Completing our herd is two-year-old Mosi. For a time, he was separated from Subira and Elombe by a howdy fence in the exhibit. We needed to wait and receive approval from the Species Survival Plan (SSP) to allow this coming-of-age male to be in the same space as a female he could potentially breed with. Since they are not related and approval was granted, we now let them share space. If we are lucky, these two will naturally take their relationship to the next level. Mosi could still be a bit young for such a pairing, however the youngest male documented in siring a calf was two years old.
The steps taken to becoming a herd began months ago, using a common technique when introducing animals called a “howdy.” This is a place where animals can see each other and, in this case, touch each other over the top of a fence yet still be protected from possible aggression like kicking. It is important to mention the touching over the fence top because in this instance as I believe this sealed their interactions as positive ones.
Okapis are relatives of the giraffe. Their most recognizable similarity is a long, prehensile tongue—which, in addition to feeding, is used to groom one another, helping to build a positive relationship and bond between them. Keepers observed, on a daily basis, these grooming sessions between Mosi and the others he was separated from, but more importantly with Elombe.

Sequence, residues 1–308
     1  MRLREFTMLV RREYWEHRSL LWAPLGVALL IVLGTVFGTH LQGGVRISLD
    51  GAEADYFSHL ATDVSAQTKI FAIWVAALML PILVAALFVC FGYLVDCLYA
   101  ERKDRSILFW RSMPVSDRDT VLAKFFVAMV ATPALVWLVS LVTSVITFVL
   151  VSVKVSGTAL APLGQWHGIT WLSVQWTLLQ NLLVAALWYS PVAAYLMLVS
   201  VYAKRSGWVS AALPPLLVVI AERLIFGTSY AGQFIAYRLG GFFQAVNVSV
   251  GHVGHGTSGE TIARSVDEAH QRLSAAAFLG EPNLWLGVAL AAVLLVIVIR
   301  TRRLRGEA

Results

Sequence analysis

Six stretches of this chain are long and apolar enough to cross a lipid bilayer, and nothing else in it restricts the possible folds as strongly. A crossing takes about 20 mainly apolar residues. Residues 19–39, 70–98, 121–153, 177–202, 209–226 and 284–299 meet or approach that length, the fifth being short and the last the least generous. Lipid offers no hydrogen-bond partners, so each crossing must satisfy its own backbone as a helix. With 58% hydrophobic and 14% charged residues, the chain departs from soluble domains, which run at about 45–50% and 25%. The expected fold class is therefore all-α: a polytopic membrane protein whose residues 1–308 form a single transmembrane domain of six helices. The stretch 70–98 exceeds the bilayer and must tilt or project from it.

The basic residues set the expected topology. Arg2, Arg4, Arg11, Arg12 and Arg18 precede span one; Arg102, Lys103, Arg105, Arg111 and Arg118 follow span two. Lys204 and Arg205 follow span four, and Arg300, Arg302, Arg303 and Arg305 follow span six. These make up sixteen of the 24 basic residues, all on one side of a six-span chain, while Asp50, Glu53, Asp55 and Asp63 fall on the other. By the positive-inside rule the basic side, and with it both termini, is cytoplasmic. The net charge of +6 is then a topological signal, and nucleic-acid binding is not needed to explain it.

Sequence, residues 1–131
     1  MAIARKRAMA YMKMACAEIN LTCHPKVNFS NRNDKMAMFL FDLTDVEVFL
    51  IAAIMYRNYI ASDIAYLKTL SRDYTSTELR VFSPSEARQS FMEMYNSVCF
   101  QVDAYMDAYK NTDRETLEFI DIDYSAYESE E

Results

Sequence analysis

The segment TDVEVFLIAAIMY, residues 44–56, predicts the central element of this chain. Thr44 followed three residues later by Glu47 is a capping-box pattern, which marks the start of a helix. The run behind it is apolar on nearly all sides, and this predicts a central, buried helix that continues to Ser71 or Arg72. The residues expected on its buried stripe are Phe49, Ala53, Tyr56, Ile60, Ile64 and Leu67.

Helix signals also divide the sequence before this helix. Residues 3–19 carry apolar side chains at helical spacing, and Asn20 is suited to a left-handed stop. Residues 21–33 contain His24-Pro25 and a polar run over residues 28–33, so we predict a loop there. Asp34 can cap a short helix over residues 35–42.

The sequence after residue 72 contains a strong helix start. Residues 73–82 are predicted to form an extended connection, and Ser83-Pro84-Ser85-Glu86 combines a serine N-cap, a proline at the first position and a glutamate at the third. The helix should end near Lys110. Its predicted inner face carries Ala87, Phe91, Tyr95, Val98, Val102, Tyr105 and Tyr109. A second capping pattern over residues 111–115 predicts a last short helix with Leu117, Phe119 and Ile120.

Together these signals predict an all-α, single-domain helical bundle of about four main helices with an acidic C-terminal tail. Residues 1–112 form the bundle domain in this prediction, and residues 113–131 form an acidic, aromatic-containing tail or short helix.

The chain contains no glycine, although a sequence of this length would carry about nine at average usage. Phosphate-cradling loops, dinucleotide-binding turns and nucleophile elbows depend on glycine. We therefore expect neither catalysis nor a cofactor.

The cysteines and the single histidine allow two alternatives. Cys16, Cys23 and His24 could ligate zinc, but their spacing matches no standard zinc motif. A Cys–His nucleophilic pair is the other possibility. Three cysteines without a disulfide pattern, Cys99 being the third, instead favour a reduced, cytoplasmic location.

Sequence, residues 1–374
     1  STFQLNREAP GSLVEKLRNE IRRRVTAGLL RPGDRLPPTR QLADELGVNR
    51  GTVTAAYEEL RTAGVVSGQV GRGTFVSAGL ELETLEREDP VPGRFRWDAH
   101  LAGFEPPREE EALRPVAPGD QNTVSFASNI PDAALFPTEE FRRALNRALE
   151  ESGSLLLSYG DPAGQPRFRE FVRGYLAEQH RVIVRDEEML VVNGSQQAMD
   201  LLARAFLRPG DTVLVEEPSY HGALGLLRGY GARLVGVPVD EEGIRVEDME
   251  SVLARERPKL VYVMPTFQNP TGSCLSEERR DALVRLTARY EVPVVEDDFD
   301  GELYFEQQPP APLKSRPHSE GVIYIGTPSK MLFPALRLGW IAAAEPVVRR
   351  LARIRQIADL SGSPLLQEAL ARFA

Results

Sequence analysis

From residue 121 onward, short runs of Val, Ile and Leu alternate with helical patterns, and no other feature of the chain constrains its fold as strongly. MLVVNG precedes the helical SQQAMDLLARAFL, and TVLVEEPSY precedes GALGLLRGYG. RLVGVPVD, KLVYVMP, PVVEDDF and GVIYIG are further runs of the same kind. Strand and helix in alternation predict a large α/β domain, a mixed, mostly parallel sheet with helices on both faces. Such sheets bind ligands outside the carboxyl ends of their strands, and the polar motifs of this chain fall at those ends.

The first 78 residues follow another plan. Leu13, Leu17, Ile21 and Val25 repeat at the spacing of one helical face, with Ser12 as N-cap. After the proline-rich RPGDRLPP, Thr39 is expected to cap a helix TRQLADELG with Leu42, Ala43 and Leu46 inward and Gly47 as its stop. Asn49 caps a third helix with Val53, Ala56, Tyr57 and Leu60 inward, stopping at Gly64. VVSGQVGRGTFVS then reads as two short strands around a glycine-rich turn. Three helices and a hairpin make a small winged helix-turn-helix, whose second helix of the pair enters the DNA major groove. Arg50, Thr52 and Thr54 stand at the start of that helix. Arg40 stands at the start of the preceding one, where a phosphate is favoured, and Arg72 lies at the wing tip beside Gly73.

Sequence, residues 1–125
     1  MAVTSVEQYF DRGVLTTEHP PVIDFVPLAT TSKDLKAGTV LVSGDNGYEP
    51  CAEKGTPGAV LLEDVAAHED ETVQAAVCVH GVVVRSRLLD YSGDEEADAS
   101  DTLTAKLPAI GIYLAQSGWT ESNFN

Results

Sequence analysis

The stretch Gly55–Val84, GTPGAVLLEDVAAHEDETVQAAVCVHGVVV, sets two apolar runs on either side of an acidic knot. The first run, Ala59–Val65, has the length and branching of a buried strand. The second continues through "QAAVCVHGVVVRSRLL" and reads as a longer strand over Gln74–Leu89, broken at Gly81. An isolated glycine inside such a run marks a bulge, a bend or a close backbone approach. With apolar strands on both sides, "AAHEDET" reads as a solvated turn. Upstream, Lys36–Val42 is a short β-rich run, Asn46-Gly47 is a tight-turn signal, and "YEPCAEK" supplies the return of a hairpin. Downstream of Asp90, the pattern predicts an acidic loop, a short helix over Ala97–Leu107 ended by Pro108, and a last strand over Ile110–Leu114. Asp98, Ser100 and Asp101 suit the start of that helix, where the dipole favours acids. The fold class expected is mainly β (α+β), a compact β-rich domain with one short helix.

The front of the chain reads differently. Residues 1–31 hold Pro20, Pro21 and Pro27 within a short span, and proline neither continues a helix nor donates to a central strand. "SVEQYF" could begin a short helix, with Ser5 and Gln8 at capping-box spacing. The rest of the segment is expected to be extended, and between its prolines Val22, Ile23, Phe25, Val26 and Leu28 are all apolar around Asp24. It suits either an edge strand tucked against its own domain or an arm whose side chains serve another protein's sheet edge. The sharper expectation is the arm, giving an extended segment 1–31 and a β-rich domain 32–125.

Since we knew that Mosi, Safarani, and Subira lived well together as a group, the only wild card was Elombe. Many questions arose from our animal care team prior to the day we were to open the howdy. With Mosi coming of age, would he view this young male as a threat to “his” females? Would Elombe get hurt if Mosi was more interested in Subira? Elombe exhibited a tough attitude by posturing and tail swishing toward Mosi occasionally at the howdy fence. Would he continue to act that way and possibly suffer an injury, since Mosi outweighs him by about 200 pounds? The only way we were going to answer those questions was to allow them access, while keepers stood by at the ready to separate if needed. Keeper staff work with okapis at times in a free-contact setting, meaning we go into the same space to build our own working relationships, to add fresh browse and enrichment to their habitat, and for wellness checks.